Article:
a, Arts & Entertainment

Admission: denied

Admission is a film that should probably end up in the “deny” pile. Directed by Peter Weitz (About a Boy) and starring Tina Fey, the film begins in the ivy-embellished halls of Princeton University. Fey plays Portia Nathan, a member of Princeton’s prestigious admissions department, where her job is to decide who, among thousands of applicants, gets in.

The film introduces Fey’s character as an uptight, play-by-the-rules, “boring” career woman, stuck in the same underwhelming job and uninspiring relationship.

As the yang to her yin, Paul Rudd plays John Pressman, a former college classmate of Portia and the over-the-top, free spirited principal of an alternative school out in the country. In John’s world, adventurous outside-of-the-box thinking, suspicion of institutions, and mastery of sustainable living are all intrinsic aspects of a good education. In McGill terms, John’s ideal school would be a mix of Macdonald Campus and Rad Frosh.

These two worlds collide when Portia stumbles upon John’s school on an admissions tour. John introduces her to Jeremiah Balakian (played by the charming Nat Wolf), a student prodigy and self-proclaimed “autodidact” with a shaky academic record, but nevertheless equipped with charisma and quirk. John is convinced that Jeremiah would succeed at a school like Princeton if given the chance, and that he may also be of particular personal interest to Portia.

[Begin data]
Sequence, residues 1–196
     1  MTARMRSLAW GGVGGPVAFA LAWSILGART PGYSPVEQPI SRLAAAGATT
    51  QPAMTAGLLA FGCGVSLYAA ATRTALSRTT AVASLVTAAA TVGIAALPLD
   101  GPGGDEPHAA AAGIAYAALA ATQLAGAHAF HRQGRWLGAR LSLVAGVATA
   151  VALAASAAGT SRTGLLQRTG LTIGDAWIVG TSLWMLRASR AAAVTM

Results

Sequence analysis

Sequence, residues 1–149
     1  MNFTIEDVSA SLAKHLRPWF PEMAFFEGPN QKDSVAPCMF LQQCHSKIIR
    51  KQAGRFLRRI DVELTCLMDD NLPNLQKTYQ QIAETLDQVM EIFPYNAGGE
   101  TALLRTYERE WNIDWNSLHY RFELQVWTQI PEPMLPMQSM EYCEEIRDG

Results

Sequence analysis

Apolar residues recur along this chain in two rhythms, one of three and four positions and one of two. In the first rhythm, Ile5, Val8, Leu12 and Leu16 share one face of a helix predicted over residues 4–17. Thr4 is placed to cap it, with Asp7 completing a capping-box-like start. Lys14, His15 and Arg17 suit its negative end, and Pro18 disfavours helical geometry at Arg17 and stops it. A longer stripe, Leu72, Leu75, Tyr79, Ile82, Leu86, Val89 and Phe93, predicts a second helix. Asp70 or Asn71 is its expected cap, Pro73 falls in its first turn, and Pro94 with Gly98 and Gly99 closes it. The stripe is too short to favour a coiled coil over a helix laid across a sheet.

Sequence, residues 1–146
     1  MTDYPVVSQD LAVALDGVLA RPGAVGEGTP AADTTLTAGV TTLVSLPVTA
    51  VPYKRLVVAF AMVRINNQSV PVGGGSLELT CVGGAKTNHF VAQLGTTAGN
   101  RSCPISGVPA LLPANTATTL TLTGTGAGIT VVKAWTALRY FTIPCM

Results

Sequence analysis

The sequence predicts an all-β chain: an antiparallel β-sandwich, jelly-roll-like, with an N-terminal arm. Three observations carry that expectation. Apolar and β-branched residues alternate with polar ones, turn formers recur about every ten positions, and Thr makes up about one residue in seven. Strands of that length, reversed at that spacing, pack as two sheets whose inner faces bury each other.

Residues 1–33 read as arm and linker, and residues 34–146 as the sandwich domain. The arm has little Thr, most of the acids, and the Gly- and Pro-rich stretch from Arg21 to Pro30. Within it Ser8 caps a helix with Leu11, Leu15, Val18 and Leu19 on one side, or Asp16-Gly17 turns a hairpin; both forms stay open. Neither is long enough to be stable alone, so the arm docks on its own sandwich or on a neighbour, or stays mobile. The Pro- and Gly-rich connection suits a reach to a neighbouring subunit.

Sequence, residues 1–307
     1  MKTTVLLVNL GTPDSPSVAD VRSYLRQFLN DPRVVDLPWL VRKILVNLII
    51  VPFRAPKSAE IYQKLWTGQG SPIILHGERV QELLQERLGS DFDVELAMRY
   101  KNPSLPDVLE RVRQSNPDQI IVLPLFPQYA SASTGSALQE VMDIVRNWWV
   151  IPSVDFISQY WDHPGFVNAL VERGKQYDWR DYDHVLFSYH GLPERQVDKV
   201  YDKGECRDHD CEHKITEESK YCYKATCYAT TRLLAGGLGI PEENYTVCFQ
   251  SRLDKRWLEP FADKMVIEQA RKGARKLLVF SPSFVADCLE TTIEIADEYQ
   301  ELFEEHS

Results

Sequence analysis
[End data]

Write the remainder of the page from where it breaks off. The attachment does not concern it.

Admission bravely wants to be a few different things. It definitely wants to be silly and lighthearted—the casting of Rudd and Fey as co-stars tells us that much. It wants to critique the rat-race nature of the U.S. university admissions process, which, as we see in the film, unfortunately degenerates into a game of whose application combines the most tear-jerking story with the best academic record. The irony is driven home without subtlety. In all its attempts at being holistic and all-examining, the U.S. admissions process does end up overlooking the real essence of the students it tosses into the accept or deny piles.

Admission wants to talk about the power of knowledge at a moment when a higher education doesn’t equate to employment, and more and more kids opt to travel and postpone university altogether. And it certainly, at its core, wants to be about that process of self-discovery, of finding oneself, and about believing in the oddball.

Unfortunately Admission’s comedic appendage feels forced, the plot is full of holes, and the characters seem shallow and overridden with cliché prototypes. Rudd, Fey, and newcomer Wolf had endearing moments, but Admission is oversaturated in sap and sweetness without any sustained heart. It does not outright fail in the themes it encounters, but we’ve all come to expect brilliance from Fey and Rudd. Admission should never have been admitted to the screen.


Admission is currently playing at Cineplex Banque Scotia (977 Ste-Catherine).

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